Is it not a gross overestimation of one’s capabilities for one to purport to have single-handedly put another person into elective office?

Like it did not matter that the said elected official bagged the popular vote in a highly competitive race. That several hundreds of thousands of people cast their votes in their favour. And that they did not only spend time on the campaign trail, gunning for the seat but also had to jump over all manners of hoops strewn in their paths.

For one person to turn around and claim credit for the feat over-simplifies the challenge of running for elective office. Surely, even in our deeply ethnic-tinged political matrix, claiming to have installed one into office is such a fantastical assertion. It takes a lot more for a candidate to vie and successfully sail into office. Even more complicated for a cosmopolitan urban electorate. Ask the many hopefuls whose efforts have fallen short, despite having everything else going for them, just how tough the going can get. Unless the rest of us have been naively concluding out of ignorance about how the real world works. Or we have been believing too much in the principle of one-man-one-vote for equal representation of all. The general assumption has always been that getting elected to any seat is largely a function of garnering the majority of the votes cast.

Ordinarily, this should take vigorous campaigns that resonate with the masses and inspire them to support. Deep pockets to oil the stump and buy the support of anyone who cannot be convinced by a manifesto. Supple knees to appease owners of popular political parties to secure a ticket. And agility to ride on a wave of euphoria and many other factors.

However, with the latest claims, it appears that all this is just hot air. The ultimate key to who gets elected, it appears, happens to lie is in the hands of one individual lording it over a community. What we, the voters, have considered to be the power that we wield in our hands, deciding who gets elected might just be a hoax, an old wives’ tale.

Be as it may, what signal do such bizarre claims by the supposed owners of communities in this country send to the rest of us ordinary citizens who have always imagined that our votes count for something? Those of us who, during the electioneering season, shouted ourselves hoarse and ranted on social media about our preferred candidates and tackled anyone with a contrary opinion. Those of us who turned up at political rallies to be wooed by the candidates or carrying placards and chanting slogans in support. Those of us who were already queueing at the crack of dawn on voting day, enduring long waits to cast our votes in favour of a preferred candidate because we thought it meant something. And those of us who were so invested in the contest, after casting the vote, spent nail-biting hours waiting for an outcome.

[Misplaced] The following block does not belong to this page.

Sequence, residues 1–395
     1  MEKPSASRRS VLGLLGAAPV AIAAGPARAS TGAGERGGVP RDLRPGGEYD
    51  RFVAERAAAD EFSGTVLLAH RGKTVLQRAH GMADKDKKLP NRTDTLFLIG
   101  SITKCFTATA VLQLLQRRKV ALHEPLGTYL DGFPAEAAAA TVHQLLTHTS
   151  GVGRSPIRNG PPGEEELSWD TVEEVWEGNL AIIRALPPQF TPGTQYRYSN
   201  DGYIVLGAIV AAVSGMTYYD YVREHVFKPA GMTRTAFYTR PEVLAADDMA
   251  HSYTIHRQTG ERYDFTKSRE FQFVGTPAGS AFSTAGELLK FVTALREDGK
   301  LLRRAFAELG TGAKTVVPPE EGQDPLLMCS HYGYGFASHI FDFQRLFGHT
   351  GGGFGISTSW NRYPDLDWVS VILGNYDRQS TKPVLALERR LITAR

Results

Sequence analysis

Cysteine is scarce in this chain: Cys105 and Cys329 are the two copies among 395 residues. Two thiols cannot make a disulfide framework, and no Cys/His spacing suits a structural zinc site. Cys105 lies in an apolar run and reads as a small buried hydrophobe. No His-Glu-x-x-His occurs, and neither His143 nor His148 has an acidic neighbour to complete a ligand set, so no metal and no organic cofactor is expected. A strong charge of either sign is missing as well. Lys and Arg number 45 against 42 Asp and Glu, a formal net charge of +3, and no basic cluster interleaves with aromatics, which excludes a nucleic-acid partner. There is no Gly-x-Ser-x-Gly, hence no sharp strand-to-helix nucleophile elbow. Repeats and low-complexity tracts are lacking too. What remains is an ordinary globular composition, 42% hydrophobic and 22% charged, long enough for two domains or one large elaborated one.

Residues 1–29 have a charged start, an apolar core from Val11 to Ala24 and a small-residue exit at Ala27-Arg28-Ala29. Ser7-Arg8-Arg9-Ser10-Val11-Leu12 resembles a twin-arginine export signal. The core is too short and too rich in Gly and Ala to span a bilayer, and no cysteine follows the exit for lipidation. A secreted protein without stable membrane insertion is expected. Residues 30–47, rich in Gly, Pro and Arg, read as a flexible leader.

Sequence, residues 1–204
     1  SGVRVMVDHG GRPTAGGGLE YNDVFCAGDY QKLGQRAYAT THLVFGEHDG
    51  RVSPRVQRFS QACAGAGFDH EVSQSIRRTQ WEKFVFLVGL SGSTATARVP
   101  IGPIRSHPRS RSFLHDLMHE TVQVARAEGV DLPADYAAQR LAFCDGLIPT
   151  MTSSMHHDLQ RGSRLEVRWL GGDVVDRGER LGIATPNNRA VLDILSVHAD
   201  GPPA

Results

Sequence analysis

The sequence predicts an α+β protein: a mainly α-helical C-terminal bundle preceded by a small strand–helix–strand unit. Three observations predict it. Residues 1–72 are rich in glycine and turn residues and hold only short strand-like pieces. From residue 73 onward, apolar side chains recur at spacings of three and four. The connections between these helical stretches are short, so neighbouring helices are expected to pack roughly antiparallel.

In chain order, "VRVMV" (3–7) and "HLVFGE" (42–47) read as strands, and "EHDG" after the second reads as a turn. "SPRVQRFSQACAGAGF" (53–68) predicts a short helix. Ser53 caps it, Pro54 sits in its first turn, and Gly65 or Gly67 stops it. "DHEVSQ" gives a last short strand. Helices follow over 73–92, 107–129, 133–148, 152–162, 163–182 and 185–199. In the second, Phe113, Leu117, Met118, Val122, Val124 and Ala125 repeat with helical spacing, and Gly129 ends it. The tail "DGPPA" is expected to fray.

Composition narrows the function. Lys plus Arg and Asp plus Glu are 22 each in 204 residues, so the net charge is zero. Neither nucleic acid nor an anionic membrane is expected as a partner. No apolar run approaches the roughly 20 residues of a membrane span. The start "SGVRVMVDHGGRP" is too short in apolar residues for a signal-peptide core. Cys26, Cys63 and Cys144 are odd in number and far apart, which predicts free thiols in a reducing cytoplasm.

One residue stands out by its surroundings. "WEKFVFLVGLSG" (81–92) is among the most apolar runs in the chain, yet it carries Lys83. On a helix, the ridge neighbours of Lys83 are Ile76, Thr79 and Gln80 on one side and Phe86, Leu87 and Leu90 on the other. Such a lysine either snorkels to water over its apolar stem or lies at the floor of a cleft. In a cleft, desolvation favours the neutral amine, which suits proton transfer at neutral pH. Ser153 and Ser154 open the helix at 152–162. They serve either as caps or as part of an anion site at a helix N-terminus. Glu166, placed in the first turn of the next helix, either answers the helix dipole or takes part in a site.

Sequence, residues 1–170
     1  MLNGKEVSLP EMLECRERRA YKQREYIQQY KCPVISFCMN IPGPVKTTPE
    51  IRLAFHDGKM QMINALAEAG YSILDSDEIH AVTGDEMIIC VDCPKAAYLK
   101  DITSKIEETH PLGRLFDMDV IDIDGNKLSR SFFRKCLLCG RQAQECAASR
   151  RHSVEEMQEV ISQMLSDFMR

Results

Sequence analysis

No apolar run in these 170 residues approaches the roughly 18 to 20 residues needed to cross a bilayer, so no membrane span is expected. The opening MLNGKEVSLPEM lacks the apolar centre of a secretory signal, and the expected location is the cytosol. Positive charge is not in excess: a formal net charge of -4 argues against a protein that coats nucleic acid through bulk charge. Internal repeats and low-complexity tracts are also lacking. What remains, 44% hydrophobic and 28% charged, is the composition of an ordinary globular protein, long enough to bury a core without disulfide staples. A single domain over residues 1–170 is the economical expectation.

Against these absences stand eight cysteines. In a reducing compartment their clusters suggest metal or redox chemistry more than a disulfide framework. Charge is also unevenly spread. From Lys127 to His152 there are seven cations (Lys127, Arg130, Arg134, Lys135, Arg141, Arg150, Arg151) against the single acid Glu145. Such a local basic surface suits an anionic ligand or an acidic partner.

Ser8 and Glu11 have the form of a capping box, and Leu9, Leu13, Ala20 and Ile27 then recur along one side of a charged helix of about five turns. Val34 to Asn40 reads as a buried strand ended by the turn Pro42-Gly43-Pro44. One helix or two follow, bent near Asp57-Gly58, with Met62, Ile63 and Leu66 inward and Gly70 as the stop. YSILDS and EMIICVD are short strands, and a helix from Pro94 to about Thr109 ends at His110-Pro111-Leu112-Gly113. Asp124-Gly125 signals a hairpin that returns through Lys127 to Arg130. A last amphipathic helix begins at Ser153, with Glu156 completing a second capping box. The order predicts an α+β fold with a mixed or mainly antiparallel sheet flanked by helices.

Looks like all these efforts came to naught. We were mere marionettes in the hands of a show-master. Just clay held onto the potter’s wheel, getting formed into an already decided grand design. Apparently, by the time us ordinary mortals got to voting, treating it as a solemn civic duty, the decision on who would eventually carry the day was as good as already made in a meeting room, orchestrated by one individual. That it just required the acquiescence of one community, which of course relied on the almighty direction of the supreme leader. How heartbreaking.

So much for the so-called universal suffrage where each one of us has a say on who wins, through the popular vote. So much for the tonnes of effort invested in getting out the vote, and for those who heeded the call.

Hopefully, this does not get us into a hole of resistance. Will apathy and low turnouts at the ballot later become a concern when voters decide to stay away from voting, having been made to believe that ultimately it does not translate into much? Why not just let those who claim to have the supernatural powers to install officeholders continue to wield the said influence?